Favorite Cancelled Shows: Birds of Prey

I recall looking forward to watching Birds of Prey on the WB, as not only was it considered a super hero(ine) show, akin to other TV shows (Smallville) or movies (X-Men film series, Superman Returns,  Tim Burton/Joel Schumacher Batman film series, Christopher Nolan’s The Dark Knight Trilogy, Green Lanternof my invested personal interest, but also featured an a strong female lead.

According to Comics Alliance‘s article, “‘Birds of Prey’ TV Rewatch, Episode 1: ‘Pilot’“:

In the long ago year of 2002, the WB debuted a live-action television drama based on DC’s Batman family of comic books, past and present. Entitled Birds of Prey, it focused on Batgirl-turned-Oracle Barbara Gordon, and Batman and Catwoman‘s vigilante daughter The Huntress, working together to defend the streets of New Gotham after The Dark Knight abandoned the city under mysterious circumstances. It was the first live-action Batman TV show since the 1966-68 series, and an early example of the modern comic book superhero TV show. Too early, really.

The show lasted just one 13-episode season, and never gained the sort of rabid fan following of other one-season wonders like Firefly. What was the problem? Looking back from the summer of 2016, one can’t help but assume it was a show before its time.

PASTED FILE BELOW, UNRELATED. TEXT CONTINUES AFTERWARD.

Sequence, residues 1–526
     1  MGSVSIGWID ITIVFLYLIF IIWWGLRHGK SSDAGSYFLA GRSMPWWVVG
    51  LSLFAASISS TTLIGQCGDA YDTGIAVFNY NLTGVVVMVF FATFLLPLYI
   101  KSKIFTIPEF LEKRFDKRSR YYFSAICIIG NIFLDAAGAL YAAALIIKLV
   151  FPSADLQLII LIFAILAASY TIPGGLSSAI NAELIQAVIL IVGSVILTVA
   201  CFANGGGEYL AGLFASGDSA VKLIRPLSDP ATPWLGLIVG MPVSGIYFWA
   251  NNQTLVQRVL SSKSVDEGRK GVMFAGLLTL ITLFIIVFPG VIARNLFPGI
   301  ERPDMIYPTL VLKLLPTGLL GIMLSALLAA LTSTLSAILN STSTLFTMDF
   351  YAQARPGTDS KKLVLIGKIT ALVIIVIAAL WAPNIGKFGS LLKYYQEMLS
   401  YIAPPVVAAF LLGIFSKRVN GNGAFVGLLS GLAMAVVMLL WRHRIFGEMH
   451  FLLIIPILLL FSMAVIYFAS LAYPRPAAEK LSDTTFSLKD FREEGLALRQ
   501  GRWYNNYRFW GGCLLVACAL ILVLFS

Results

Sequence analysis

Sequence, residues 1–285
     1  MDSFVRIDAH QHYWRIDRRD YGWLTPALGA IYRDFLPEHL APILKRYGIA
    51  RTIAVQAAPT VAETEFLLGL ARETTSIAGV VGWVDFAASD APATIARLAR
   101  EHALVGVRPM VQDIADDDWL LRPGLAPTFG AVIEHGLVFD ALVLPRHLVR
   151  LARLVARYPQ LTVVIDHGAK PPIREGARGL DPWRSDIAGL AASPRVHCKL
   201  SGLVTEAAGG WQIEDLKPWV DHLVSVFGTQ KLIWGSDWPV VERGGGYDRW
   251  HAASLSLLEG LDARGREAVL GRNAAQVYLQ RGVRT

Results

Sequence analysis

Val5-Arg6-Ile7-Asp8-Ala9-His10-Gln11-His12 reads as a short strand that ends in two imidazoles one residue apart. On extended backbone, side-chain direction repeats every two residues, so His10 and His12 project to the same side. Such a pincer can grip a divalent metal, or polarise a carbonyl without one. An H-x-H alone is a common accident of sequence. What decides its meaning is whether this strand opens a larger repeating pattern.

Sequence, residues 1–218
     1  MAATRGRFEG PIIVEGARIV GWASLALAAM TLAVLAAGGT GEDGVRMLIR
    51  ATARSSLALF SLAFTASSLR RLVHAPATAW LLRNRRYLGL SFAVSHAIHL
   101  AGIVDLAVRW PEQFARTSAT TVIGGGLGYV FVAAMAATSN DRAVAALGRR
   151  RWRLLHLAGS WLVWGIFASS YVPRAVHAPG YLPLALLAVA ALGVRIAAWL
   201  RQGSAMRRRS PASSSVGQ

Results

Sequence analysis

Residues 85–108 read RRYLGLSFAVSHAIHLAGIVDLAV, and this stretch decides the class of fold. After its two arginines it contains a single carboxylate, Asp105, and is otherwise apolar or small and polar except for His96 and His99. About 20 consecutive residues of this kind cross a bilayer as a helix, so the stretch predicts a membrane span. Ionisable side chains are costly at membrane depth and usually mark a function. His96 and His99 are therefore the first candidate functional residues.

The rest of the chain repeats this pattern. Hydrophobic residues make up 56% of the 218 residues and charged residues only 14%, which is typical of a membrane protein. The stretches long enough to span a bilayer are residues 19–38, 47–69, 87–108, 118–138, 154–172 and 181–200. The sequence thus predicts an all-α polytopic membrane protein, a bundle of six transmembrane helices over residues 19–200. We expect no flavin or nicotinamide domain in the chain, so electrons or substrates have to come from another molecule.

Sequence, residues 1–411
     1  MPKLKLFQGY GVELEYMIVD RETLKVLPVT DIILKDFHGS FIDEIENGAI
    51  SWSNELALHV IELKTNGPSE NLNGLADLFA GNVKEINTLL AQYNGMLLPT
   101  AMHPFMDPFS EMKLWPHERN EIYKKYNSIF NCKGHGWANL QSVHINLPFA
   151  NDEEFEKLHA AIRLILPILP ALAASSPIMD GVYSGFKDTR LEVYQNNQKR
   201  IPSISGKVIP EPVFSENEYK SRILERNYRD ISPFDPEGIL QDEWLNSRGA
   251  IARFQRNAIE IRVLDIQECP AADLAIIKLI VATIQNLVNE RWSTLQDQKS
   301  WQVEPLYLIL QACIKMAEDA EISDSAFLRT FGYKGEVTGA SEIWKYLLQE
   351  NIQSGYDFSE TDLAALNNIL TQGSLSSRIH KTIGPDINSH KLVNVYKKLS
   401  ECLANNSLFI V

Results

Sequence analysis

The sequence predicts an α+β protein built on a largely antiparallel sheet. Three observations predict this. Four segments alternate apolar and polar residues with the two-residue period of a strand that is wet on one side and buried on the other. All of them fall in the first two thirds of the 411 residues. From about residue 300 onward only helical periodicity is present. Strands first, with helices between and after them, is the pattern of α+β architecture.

TV today is positively rife with superhero-inspired shows, many of them based on DC Comics, including Gotham on Fox, the CW shows Arrow, The Flash, Legends of Tomorrow and Supergirl, and the upcoming Krypton. So it’s weird to think that a show starring Barbara Gordon, set in Gotham City, and featuring various Batman characters around the edges, only lasted as long as, say, Constantine or The Cape, when Arrow is on its fifth season and The Flash has Vibe and Firestorm helping Barry Allen combat the likes of The Clock King, Golden Glider and The Bug-Eyed Bandit.

Was Birds of Prey a good show that hit at the wrong time, or was it really a bad show that only deserved 13 episodes?

Additionally, according to the Comic Book Movie article, “DO YOU REMEMBER? The WB’s Failed “Birds of Prey” TV Series“: